led investigations such as the one announced yesterday.
[continues 939 words]
In Park Heights, Dealing Flourishes Despite Police Focus;
'It Has Just Shifted'
George Johnson and his friends like to talk about the futility of the
drug war, about how the street pushers and the addicts are at the
bottom of a flourishing business for which they go to jail and other
people make the money.
But the 54-year-old briefly stopped his discussion outside the Pimlico
library branch on Park Heights Avenue to direct the driver of a silver
car to the street where crack cocaine and heroin were being sold
[continues 1193 words]
Violence, Drug Deals Decline In Targeted Areas, Police Report
Baltimore Mayor Martin O'Malley's pledge to reclaim 10 drug-infested areas
within six months of taking office has been largely fulfilled, police said
yesterday, with crime down and fewer people complaining about dealers and
Homicides and shootings also dropped on streets surrounding the designated
drug markets, which police say shows they are not simply shuffling the drug
trade from one block to another.
"The liberation of Baltimore's neighborhoods has begun," O'Malley said
yesterday while standing at North Rose Street and Ashland Avenue, ground
zero for a band of frustrated residents who have confronted dealers.
[continues 1950 words]
Past Strategies Condemned For Raising
Violence, Suspicion; 'Justification For Lost Faith'
Baltimore Mayor Martin O'Malley unveiled yesterday a much-anticipated
blueprint for fighting crime that concludes past policing strategies
contributed to violence and public hostility and suspicion.
"The persistence of high crime has undermined the public's confidence
in the Baltimore Police Department," the 152-page report by a team of
consultants concludes. "And there is justification for this lost faith."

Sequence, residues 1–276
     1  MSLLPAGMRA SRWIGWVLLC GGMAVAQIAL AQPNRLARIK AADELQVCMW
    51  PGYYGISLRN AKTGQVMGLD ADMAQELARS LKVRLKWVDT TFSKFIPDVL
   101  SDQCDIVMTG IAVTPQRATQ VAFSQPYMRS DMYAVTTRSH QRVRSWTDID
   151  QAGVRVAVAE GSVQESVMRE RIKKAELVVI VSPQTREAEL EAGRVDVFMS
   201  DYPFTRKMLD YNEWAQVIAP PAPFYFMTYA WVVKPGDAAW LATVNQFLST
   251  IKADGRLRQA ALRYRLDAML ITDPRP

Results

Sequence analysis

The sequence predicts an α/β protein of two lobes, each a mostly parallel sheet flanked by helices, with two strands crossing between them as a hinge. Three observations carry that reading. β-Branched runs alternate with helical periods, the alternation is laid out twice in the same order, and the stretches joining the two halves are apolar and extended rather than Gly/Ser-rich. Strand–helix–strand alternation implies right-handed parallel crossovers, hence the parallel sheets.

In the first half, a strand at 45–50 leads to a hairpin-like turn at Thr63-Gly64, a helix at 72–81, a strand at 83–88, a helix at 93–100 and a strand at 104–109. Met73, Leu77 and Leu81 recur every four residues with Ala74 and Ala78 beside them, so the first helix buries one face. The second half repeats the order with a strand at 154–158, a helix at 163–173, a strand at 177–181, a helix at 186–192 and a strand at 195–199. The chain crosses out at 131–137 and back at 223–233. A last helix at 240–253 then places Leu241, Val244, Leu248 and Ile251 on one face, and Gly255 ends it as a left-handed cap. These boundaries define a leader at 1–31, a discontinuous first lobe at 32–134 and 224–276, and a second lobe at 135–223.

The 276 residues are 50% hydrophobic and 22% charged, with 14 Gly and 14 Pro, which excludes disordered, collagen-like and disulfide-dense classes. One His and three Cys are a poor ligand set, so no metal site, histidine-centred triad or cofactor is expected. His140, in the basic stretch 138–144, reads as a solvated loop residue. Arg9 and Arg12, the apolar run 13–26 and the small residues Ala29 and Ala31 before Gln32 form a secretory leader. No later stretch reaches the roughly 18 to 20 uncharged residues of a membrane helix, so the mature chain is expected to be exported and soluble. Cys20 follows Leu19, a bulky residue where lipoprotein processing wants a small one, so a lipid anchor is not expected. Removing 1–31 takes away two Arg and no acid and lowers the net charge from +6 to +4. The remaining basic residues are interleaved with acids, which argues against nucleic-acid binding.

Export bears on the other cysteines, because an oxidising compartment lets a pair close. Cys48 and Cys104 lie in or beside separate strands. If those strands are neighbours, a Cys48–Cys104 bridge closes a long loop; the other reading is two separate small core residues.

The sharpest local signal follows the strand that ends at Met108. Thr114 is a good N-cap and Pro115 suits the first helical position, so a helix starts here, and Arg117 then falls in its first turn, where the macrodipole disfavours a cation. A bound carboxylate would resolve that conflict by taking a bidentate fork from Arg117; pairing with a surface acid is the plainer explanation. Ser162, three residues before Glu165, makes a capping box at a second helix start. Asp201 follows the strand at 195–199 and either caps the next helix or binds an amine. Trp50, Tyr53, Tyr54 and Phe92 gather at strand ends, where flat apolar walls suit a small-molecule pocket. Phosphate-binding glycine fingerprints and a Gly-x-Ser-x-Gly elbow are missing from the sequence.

The report was released as city government sources said O'Malley is
getting closer to naming Edward T. Norris, a former New York police
commander hired as deputy chief in January, as his choice for
[continues 1257 words]
Zero Tolerance Strategy Generates Fear For Rights
The era of feel-good policing is over in Baltimore.
Any doubt about that ended Friday when former New York police officer
Edward T. Norris was named acting commissioner of the city's police
force after the abrupt resignation of Ronald L. Daniel.
As a deputy commissioner hired by Daniel, Norris is a driving force
behind a new law and order regime being modeled on crime-fighting
strategies of the New York Police Department.
[continues 1927 words]
Police, residents work to improve life in Pen Lucy
There are many ways to measure what has made Pen Lucy a safer
neighborhood. Statistics show crime is down. Residents note the
streets are virtually clear of gun-toting drug dealers and glassy-eyed
addicts. No one has been shot since October.
But there is another way people here keep track of the violence that
for years held this pocket of North Baltimore captive as two gangs
battled for control of the lucrative cocaine trade.
[continues 1008 words]